The primary outcome measure was the occurrence of SHT. SHT was defined according to the Safe Implementation of Thrombolysis in Stroke-Monitoring Study (SITS-MOST): type 2 parenchymal hemorrhage with deterioration in the NIHSS score of ≥ 4 points or death (SHTSITS)29. Two trained neurologists (S–H Lee and MU Jang) reviewed the CT/MR images to confirm the subtypes of HT in a double-blinded manner. The secondary outcome measures were any HT and poor functional outcomes assessed by a mRS score of 3–6 at 3 months30. Any HT was defined as any newly developed bleeding on the follow-up CT or MRI after IVT.

Recent previous studies established that a GA level ≥ 16.0% reflected the presence of prestroke glycemic variability based on the following equation of HbA1c and GA: HbA1c = 0.216 × GA + 2.97811,23,31. According to this equation, we divided the subjects into two groups: a higher GA group (GA ≥ 16.0%) and a lower GA group (GA < 16.0%). GA may be a useful marker for monitoring prestroke glycemic variability because GA is not affected by several medical conditions (hematologic disorder, chronic renal disease, etc.), which account for a large proportion of stroke patients32. All procedures were conducted in accordance with the STROBE guidelines.

Statistical analysis

We hypothesized that high glycemic variability prior to stroke, as defined by a higher GA level, would increase the risk of SHT and poor functional outcomes after IVT. Statistical analyses were performed using IBM SPSS version 21.0 software (IBM Corporation, Armonk, NY, USA) and R version 4.0.3 (R core Team 2020; R foundation for Statistical Computing, Vienna, Austria). Summary statistics are presented as the number of subjects (percentage) for categorical variables and the means ± SD or median [interquartile range (IQR)] for continuous variables. Group comparisons were made using Pearson’s chi-squared test for categorical variables and Student’s t-test or the Mann–Whitney U test for continuous variables, as appropriate.

For the primary and secondary outcome measures, the higher GA group and lower GA group were compared using Pearson’s chi-squared test for categorical variables and Student’s t-test or the Mann–Whitney U test for continuous variables. To evaluate the independent effects of GA level on outcome measures, we performed binary logistic regression analysis. Variables for adjustment in the multivariable analysis were selected when their p values were < 0.1 in comparisons according to the GA level and if their associations with each outcome variable were clinically plausible. Crude and adjusted ORs and 95% CIs were estimated.

To assess the predictive ability of GA and HbA1c levels on SHT, we generated an ROC curve using the ‘pROC’ package of R. The 95% CI for the area under the curve (AUC) and p value was calculated using Delong’s test. The cutoff values of GA and HbA1c levels for SHT were calculated using the Youden index.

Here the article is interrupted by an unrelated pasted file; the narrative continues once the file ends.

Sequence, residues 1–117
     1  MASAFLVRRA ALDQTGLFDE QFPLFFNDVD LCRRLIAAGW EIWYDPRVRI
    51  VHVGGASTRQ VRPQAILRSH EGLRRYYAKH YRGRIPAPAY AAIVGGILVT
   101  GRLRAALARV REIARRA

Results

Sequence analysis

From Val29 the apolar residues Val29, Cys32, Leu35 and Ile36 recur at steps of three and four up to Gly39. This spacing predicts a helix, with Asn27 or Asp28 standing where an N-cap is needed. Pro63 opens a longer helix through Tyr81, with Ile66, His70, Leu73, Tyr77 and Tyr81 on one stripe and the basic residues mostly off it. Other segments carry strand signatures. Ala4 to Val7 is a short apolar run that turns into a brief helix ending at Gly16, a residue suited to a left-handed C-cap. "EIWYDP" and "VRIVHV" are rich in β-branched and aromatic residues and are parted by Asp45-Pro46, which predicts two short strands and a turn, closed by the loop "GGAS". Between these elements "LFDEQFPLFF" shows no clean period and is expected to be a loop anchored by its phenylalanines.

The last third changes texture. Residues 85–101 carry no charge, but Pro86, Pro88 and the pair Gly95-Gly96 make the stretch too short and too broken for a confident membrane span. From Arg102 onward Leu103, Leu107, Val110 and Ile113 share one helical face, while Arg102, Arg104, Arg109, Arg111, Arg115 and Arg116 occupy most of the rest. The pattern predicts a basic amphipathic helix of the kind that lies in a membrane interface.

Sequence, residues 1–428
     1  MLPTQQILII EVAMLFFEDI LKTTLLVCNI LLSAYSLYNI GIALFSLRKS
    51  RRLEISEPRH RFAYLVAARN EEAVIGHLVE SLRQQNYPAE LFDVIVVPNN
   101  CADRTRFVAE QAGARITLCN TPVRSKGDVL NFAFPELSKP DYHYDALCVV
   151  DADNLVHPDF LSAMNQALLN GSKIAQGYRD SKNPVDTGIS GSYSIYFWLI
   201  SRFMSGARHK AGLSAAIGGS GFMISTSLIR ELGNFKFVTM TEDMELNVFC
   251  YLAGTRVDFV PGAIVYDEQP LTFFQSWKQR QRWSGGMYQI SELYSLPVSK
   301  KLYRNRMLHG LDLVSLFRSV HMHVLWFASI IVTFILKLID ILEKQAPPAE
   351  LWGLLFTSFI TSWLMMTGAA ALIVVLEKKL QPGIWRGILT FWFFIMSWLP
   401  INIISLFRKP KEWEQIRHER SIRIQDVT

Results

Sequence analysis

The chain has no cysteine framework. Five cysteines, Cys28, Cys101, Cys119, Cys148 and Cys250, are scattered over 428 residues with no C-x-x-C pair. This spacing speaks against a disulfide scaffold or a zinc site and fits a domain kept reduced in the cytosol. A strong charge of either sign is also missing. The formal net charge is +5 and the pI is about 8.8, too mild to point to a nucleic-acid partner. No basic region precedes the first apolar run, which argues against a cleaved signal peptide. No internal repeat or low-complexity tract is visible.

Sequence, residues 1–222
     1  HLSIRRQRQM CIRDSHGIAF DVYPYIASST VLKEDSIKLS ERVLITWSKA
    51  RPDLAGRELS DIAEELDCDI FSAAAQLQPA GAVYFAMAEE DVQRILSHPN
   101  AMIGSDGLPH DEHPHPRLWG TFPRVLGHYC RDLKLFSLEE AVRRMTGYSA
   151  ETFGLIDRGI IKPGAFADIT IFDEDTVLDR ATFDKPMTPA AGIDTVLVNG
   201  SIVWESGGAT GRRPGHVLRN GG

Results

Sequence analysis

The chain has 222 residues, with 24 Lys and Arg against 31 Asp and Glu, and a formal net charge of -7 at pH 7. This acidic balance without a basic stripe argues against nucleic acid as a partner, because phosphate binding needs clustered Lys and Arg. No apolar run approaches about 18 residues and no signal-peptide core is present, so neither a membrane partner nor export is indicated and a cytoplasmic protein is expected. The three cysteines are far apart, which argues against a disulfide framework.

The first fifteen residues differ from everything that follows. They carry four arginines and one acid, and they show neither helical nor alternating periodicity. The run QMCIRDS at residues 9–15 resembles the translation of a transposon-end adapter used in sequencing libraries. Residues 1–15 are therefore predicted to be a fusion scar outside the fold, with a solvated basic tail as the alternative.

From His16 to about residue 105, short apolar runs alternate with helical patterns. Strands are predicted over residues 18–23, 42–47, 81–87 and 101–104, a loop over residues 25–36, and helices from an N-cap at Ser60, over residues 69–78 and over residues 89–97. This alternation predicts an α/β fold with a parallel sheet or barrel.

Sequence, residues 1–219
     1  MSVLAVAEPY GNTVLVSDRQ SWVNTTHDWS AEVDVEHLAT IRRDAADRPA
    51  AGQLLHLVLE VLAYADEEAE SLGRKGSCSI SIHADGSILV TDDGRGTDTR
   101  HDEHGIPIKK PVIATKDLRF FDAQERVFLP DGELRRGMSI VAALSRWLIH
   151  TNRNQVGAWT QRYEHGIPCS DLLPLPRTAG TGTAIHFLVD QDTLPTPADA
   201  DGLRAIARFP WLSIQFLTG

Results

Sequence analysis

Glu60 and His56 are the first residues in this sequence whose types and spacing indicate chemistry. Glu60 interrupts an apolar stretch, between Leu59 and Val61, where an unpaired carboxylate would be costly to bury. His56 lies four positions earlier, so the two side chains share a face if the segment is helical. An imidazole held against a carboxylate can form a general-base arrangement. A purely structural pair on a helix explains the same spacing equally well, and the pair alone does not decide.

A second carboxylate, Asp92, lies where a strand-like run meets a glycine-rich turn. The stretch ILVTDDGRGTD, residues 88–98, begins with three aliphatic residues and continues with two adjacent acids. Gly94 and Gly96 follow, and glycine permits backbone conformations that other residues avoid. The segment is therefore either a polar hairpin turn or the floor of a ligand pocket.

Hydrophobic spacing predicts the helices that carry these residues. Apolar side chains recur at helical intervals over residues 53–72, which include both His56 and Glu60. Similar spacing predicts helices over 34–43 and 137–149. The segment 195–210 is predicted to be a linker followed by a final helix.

A sensitivity analysis was also conducted to explore the impact of the GA to HbA1c ratio (GA/HbA1c ratio) and raw GA level on outcomes using a logistic regression model because the GA/HbA1c ratio represented a more accurate glycemic control status. For subgroup analyses, we performed the same statistical models to explore the impact of GA on outcomes in patients receiving IVT only and combined IVT and EVT separately and in those with DM. DM patients were defined as patients with high HbA1c levels (≥ 6.5%) at the time of hospitalization or patients with a history of or current use of hypoglycemic agents or insulin.

Data availability

All datasets generated and/or analyzed during the current study are not publicly available as use of the data requires ethical approval. To inquire access to the study data, contact the corresponding author.

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Funding

This study was supported by the Basic Science Research Program through the National Research Foundation of Korea funded by the Ministry of Science and ICT (NRF-2021R1G1A1013767) and was supported in part by the “R&D Program for Forest Science Technology (Project No. FTIS-2021397A00-2123-0107)” provided by the Korea Forest Service (Korea Forestry Promotion Institute). The organization did not participate in the design, performance, or analysis of the study or in the preparation of the manuscript.

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Conceptualization, methodology, formal analysis, investigation, writing and original draft preparation: S.-H.L. Conceptualization, review, editing and supervision: J.-H.S. Data curation and review and editing: M.U.J., S.Y.P., Y.K., Y.J.K. and C.K. All authors read and agreed to the published version of the manuscript.

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Correspondence to Jong-Hee Sohn.

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Lee, SH., Jang, M.U., Kim, Y. et al. High glycemic albumin representing prestroke glycemic variability is associated with hemorrhagic transformation in patients receiving intravenous thrombolysis. Sci Rep 12, 615 (2022). https://doi.org/10.1038/s41598-021-04716-4